The tears don't come as easily, as quickly. They don't come rising out of you like aftershocks everyone knows are coming, but can't quite predict. They stop coming at all. This is a sign that you've moved through something and are standing on the other side. It is sad in a new way. It is sad in a way that needs to be carried for a while. It is sad because you are moving on.
You are offered two jobs at the best restaurants in your new city. A city that is full of foodie havens, James Beard finalists, and hip, farm-to-table cuisine in high demand. They are both consistently booked. You say yes to both, and try to give yourself some confidence and power in this choice. Your friends tell you your hustle is incredible. Your ability to get up and become new again in less than a month. Two jobs! So-and-so never hires new people! I staged there and they didn't call me back--I'm so jealous! You'll look back at this later as your transformation story, girl. Own it. You are doing the damn thing. You don't quite believe them yet.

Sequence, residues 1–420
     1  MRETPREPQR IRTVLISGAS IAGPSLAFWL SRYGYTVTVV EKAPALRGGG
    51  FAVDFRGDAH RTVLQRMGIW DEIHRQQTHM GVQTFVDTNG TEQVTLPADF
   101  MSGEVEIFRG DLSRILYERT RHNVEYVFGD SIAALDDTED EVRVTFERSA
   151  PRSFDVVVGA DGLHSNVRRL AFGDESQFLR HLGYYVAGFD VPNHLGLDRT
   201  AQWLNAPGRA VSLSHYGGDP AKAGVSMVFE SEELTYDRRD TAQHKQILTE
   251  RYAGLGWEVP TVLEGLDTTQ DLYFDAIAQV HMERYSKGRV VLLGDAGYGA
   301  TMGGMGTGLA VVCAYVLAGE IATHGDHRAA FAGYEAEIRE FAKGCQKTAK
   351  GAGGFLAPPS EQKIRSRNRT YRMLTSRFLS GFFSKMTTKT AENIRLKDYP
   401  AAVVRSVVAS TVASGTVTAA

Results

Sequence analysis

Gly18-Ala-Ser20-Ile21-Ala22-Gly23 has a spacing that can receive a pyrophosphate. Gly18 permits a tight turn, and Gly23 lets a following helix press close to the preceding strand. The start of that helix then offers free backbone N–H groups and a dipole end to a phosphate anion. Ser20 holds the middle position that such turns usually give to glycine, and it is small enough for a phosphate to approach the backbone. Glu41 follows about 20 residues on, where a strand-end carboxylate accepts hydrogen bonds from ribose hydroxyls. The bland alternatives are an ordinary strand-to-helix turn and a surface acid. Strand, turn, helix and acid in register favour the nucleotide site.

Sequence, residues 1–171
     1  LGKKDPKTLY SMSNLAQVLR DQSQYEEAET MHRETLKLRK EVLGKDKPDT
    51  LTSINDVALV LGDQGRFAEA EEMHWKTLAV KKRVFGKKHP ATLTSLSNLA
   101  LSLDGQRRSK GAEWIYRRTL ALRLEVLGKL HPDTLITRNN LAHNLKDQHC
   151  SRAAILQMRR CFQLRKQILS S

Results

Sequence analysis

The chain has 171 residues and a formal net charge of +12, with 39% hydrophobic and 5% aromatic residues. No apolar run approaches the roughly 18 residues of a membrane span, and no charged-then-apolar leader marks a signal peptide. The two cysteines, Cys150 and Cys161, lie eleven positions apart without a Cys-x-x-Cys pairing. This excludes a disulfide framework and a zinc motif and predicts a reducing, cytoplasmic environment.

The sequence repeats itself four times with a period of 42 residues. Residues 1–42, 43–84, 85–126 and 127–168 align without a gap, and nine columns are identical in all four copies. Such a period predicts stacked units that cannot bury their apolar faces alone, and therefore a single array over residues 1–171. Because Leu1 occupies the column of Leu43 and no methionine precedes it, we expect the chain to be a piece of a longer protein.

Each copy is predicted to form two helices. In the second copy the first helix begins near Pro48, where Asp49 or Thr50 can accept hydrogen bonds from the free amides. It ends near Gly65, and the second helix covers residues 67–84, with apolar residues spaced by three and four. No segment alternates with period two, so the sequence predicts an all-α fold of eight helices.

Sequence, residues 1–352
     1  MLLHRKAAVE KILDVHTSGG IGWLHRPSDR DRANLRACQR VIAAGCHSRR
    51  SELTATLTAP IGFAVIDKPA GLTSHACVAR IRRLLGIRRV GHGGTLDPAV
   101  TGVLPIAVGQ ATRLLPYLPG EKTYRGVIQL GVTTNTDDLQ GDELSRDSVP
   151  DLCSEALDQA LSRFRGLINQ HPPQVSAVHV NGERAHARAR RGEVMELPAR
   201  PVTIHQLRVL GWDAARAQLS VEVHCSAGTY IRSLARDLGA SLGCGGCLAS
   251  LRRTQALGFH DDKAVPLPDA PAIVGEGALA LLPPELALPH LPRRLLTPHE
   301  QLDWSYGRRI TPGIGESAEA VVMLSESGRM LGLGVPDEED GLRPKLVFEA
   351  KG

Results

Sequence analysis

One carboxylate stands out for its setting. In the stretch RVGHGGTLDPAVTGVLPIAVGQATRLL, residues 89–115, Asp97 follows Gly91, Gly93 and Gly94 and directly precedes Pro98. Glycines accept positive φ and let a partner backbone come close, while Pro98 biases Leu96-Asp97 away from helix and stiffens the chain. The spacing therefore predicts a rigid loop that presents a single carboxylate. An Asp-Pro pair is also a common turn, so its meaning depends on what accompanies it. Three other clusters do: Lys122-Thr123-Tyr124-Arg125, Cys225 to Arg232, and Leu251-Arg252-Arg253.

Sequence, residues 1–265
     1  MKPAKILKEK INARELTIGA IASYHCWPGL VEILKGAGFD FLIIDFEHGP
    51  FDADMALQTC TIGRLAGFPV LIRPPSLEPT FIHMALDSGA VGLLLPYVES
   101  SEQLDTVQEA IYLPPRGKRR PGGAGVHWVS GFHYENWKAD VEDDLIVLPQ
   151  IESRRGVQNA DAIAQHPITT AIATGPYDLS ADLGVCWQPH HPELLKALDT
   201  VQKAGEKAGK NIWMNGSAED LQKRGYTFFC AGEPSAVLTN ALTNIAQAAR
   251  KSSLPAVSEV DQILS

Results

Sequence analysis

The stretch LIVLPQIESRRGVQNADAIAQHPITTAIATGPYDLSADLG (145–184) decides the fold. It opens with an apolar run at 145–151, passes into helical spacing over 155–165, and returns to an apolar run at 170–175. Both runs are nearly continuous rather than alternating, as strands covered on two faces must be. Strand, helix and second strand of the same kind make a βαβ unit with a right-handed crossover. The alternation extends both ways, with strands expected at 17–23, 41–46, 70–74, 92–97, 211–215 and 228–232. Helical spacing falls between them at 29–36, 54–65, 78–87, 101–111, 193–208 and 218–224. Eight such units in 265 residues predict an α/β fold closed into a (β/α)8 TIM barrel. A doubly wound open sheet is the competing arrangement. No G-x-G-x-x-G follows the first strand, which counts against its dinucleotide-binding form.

While following one of the servers at one of the restaurants during the very competitive stage (audition) process, that server introduces herself, and you, to the table. Her name is Tiff. The table loves you both and proceeds to call you T and T. You smile. Your stomach feels like a rock. But you keep moving. You need this job.
While following another server at the other restaurant, you meet Tracy, the sweet, fun, blonde, hippie-chick and want to hate her for her name and what that name will always remind you of, but you don't. You want to hold grudges for everything that reminds you of the pain and loss of your partnership, but you don't. This means you've matured and grown. This means you are hearing your own voice and desires again. This means you can sense the learning process is close. This also means you are moving on.